Federal Reserve Chairman Ben Bernanke Tuesday signaled he is finished cutting interest rates for now and has turned his attention to concerns about inflation in the world’s foreign exchange markets in the wake of the U.S. dollar’s 16 percent decline against the Euro over the past year.  Speaking to the International Monetary Conference, Bernanke stated that, “For now, policy seems well positioned to promote moderate growth and price stability over time.  We will, of course, be watching the evolving situation closely and are prepared to act as needed to meet our dual mandate.”

• Observers called Bernanke’s statement a “strong defense of the dollar” and a sign that the Fed believes a weaker U.S. dollar would be detrimental.  Declines over the past year against the Euro and more recent oil price surges have increased fears of inflation. These fears are one reason the Fed is not expected to pare interest rates further at least through October.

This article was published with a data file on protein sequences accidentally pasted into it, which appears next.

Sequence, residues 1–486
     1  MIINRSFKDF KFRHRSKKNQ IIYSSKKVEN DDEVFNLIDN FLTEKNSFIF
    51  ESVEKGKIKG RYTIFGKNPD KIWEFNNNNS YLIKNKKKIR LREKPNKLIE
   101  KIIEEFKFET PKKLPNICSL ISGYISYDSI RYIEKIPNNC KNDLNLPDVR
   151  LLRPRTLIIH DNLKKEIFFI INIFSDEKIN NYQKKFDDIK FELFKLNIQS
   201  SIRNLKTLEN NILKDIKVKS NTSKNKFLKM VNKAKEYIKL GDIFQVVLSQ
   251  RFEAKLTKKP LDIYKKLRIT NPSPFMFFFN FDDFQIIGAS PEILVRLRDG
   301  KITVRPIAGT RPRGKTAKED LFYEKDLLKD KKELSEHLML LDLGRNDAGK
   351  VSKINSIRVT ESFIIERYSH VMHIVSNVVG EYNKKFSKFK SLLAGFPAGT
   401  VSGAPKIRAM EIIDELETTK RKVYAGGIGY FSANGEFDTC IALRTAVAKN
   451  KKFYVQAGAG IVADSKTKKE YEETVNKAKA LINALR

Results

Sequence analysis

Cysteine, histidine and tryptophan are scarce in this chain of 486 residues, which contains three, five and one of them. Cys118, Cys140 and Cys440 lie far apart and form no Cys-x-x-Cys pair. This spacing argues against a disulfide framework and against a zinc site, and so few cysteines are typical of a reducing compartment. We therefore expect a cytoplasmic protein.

• Bernanke called financial market conditions “strained” and reiterated that U.S. consumers face challenges from declining home prices and stricter mortgage and other lending standards, a weaker job market and higher energy costs.  He added that economic growth will remain limited until home prices and the housing market show clearer signs of stabilization.


Source CAlifornia Assoc. or Realtors (R)